Firstly we’ve heard a bad news regarding the departure of yet another literature figure Ursula K. Le Guin, age 88. I’ve just got her latest book No time to spare: thinking about what matters on my desk.
Le Guin was a popular Si Fi and fantasy writer and wrote the standard themes of her chosen genres: sorcery and dragons, spaceships and planetary conflict. Her books were translated into 40 languages and more, and read by millions. Le Guin focused on gender and race in particular as most of her characters are people of colour and she used alien to examine culture and society in reality.
Le Guin ‘influenced Booker Prize winners and other writers, such as Salman Rushdie and David Mitchell, and notable science fiction and fantasy writers including Neil Gaiman and Iain Banks. She won the Hugo Award, Nebula Award, Locus Award, and World Fantasy Award, each more than once. In 2014, she was awarded the National Book Foundation Medal for Distinguished Contribution to American Letters. In 2003, she was made a Grandmaster of Science Fiction, one of a few women writers to take the top honor in the genre.’ (Wikipedia)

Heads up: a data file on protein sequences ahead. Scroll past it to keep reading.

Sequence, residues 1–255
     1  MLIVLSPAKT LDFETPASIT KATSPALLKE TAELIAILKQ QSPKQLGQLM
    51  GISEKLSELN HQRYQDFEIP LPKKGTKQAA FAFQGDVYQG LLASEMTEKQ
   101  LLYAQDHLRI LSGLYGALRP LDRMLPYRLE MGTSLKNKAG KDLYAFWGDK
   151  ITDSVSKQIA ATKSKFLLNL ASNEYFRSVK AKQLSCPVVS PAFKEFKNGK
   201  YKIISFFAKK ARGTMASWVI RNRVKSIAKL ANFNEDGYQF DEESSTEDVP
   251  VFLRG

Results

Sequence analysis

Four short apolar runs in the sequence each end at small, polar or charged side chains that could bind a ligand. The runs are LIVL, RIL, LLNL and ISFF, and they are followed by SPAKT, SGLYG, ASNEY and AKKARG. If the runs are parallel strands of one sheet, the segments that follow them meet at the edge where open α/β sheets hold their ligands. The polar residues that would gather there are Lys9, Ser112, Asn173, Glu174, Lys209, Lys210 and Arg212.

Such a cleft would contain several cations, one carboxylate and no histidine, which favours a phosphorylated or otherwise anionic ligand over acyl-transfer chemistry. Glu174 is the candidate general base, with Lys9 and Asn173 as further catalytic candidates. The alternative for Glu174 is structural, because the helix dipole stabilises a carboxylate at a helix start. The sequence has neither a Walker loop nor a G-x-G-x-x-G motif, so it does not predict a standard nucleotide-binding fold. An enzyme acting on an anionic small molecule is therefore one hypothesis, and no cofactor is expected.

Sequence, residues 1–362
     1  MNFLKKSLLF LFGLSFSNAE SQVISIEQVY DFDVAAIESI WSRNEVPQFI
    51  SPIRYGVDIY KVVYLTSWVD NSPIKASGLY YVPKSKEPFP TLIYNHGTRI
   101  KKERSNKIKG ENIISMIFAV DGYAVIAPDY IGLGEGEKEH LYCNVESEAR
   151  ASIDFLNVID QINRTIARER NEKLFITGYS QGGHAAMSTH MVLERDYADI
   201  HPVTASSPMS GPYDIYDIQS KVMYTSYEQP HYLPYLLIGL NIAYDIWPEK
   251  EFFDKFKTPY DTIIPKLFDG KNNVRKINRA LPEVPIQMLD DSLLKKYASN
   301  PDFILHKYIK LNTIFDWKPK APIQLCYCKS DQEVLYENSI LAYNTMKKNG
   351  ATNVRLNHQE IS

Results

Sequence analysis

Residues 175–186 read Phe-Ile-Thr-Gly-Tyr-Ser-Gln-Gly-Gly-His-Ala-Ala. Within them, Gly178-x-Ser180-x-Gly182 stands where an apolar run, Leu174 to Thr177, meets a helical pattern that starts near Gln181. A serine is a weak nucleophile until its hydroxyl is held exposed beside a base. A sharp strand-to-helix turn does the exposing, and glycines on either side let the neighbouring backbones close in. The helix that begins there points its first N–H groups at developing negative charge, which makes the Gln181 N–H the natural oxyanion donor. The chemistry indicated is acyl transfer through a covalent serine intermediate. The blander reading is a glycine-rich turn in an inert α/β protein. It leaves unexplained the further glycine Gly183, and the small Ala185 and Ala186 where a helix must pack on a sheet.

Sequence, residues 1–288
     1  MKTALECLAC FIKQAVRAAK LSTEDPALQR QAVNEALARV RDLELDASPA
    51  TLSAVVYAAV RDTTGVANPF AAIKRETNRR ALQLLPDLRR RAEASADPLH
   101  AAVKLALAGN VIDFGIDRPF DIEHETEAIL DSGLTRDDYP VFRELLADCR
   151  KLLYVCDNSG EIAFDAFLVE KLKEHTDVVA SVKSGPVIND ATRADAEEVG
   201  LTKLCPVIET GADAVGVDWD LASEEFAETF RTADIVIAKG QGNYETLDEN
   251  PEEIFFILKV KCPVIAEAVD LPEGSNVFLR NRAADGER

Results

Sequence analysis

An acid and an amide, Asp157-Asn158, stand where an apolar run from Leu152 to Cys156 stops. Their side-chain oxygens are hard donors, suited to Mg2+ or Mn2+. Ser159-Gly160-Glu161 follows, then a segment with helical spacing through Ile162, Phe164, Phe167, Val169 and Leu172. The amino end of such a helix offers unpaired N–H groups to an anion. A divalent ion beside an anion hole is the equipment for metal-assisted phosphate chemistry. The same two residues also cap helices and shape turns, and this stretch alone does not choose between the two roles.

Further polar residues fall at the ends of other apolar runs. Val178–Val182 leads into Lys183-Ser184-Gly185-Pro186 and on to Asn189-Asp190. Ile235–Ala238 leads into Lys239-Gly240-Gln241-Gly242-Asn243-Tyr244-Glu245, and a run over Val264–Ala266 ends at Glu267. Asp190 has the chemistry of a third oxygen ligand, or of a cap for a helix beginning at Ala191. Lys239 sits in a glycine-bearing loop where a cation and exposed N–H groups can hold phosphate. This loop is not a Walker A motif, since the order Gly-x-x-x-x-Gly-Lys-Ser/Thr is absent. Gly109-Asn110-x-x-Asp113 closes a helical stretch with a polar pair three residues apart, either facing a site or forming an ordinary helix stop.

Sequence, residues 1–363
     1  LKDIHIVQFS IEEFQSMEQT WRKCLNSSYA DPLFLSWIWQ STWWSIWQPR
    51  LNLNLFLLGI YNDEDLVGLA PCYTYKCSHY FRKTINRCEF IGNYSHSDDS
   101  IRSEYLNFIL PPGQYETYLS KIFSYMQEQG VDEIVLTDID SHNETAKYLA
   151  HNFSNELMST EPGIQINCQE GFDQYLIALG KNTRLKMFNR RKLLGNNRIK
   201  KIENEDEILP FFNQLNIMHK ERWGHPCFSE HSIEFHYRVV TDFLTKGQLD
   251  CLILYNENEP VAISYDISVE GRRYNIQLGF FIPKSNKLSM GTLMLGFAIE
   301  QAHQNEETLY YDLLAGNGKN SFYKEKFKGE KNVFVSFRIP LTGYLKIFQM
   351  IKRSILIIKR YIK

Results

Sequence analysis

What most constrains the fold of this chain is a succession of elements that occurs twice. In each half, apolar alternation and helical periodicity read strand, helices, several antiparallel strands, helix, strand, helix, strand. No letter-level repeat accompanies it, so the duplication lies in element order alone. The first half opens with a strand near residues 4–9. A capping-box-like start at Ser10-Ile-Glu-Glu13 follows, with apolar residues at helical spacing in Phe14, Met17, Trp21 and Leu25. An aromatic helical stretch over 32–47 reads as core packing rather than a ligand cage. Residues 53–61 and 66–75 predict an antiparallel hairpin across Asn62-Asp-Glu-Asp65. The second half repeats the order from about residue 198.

You can reserve Le Guin’s titles here.
Today Google’s doodle is Virginia Woolf, one of my favourites. Born in 25 January 1882 – 28 March 1941), Woolf was an English writer. ‘She is considered one of the foremost modernists of the twentieth century and a pioneer in the use of stream of consciousness as a narrative device.’ ‘Woolf was a significant figure in London literary society and a central figure in the influential Bloomsbury Group of intellectuals.’ (Wikipedia)
Woolf’s works have been widely read and been translated into more than fifty languages. Virginia’s works, such as A room of one’s own, To the lighthouse, Three Guineas and Mrs Dalloway inspire generations of feminists.
You can reserve Virginia Woolf’s titles here.